Scenario 2.

 

Four individuals agreed to go into business together. One individual came up with the business “idea”, whilst the three others agreed to put in the capital. After a couple of years, the “idea” shareholder / director wanted to sell his shares and start a business on his own using the “idea“. A dispute occurred over the value of the shares as well as the use of the “idea”. The 3 other shareholders / directors claimed that the “idea” shareholder / director was not entitled to a market valuation of the business nor was he entitled to use the “idea” elsewhere.

 

Like the example above, a significant amount of money was incurred by the parties as no agreement as to how to value the shares on exit could be agreed nor as to how the “idea” could be used. Had these matters been agreed at the outset the exit of the shareholder would have been relatively painless. It would have also been clear as to how the “idea” could be used.

 

Scenario 3.

 

Two individuals merged their own businesses to form a bigger business. Each was responsible for maintaining their current customers as well as growing the business. A Shareholder Agreement was drafted but was never signed as the directors / shareholders were busy and the agreement was forgotten. The business became very successful but was reliant upon the individual director relationships with their customers.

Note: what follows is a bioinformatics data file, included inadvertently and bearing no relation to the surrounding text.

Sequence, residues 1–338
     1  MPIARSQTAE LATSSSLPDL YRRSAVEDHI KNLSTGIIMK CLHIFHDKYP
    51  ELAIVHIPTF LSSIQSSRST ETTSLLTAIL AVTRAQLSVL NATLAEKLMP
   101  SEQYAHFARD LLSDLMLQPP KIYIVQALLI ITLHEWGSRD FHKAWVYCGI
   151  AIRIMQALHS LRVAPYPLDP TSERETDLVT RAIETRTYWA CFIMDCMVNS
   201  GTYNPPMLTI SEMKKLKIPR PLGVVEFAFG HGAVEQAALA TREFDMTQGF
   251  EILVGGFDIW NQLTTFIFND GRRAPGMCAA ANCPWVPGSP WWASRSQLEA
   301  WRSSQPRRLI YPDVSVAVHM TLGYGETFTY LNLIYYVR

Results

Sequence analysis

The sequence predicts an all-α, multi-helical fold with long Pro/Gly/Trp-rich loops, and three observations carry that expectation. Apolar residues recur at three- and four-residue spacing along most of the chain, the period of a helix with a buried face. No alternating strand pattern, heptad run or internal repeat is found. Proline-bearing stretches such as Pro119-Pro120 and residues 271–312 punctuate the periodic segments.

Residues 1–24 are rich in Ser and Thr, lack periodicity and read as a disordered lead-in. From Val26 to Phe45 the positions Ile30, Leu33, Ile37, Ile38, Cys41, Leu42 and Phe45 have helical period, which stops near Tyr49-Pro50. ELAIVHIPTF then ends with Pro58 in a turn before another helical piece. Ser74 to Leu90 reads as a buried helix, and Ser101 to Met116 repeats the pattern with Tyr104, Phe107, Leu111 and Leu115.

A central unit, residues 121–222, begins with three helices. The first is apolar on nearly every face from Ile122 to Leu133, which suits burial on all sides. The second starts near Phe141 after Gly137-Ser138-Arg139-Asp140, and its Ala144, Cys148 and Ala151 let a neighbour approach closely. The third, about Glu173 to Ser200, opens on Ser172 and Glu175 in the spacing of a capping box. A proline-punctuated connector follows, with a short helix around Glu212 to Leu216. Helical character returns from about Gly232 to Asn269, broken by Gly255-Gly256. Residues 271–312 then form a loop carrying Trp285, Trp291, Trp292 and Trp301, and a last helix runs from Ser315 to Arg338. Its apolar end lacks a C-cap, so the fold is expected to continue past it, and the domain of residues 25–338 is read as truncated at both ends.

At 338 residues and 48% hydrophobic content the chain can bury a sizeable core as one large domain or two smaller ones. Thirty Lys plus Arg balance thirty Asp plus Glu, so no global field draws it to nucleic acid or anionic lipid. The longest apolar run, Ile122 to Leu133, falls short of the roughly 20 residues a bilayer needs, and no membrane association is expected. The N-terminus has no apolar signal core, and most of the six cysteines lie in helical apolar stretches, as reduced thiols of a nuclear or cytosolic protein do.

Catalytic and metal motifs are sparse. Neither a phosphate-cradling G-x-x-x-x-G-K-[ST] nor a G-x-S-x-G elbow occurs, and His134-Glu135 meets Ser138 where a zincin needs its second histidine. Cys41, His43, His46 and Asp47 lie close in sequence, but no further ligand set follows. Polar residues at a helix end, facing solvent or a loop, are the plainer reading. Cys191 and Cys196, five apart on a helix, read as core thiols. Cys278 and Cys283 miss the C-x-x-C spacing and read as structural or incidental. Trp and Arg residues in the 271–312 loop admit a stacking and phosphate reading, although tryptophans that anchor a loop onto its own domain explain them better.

Unfortunately, one of the directors suffered a personal tragedy and wanted to exit the business and focus on caring for his family. A dispute arose between the directors as to the timing of any exit as well as the value of the exiting director’s share of the business. Both directors disagreed as to the valuation basis as well as the timing of any exit. Not only were substantial costs incurred by both parties in agreeing a valuation basis, the exiting director had to manage the business matters whilst handling the personal crisis. Had the Shareholder Agreement been agreed then the exit process would have been clearly established and set down.

 

Next steps – Millens

 

So if you are setting up a business (or have a business) which will be operated as a company you must protect your future business interests by having a Shareholder Agreement agreed and signed right at the outset.

 

This also applies to any other similar business structures such as a Partnership Agreement for a partnership or a Joint Venture Agreement for a joint venture. In every case your business structure needs a carefully drafted fundamental Agreement between all the business participants.

 

Millens is your innovative solution for your professional business needs. We are nimble and responsive. We offer an enthusiastic, commercially experienced group of legal professionals who have proven track records in providing not just legal but other related business services and advice.

 

We will provide you with:

  • clear commercial solutions

  • accurate and pragmatic advice

  • an understanding of your business

  • personal attention at all times

Contact us today to discuss how we can assist you with a Shareholder Agreement or other commercial business matters.

Share on Facebook
Share on Twitter
Please reload

Recent Posts

Please reload

Follow Us

  • Millens Facebook
  • Millens Linkedin
  • Millens Email
Millens Pty Ltd
62 Whitehorse Road, Deepdene, 3103
Copyright © 2018 Millens. All rights reserved

Follow us

  • Millens Facebook
  • Millens Linkedin
  • Send email to Millens

Get in touch

Call us on 03 9817 6530

Email us at info@millens.com.au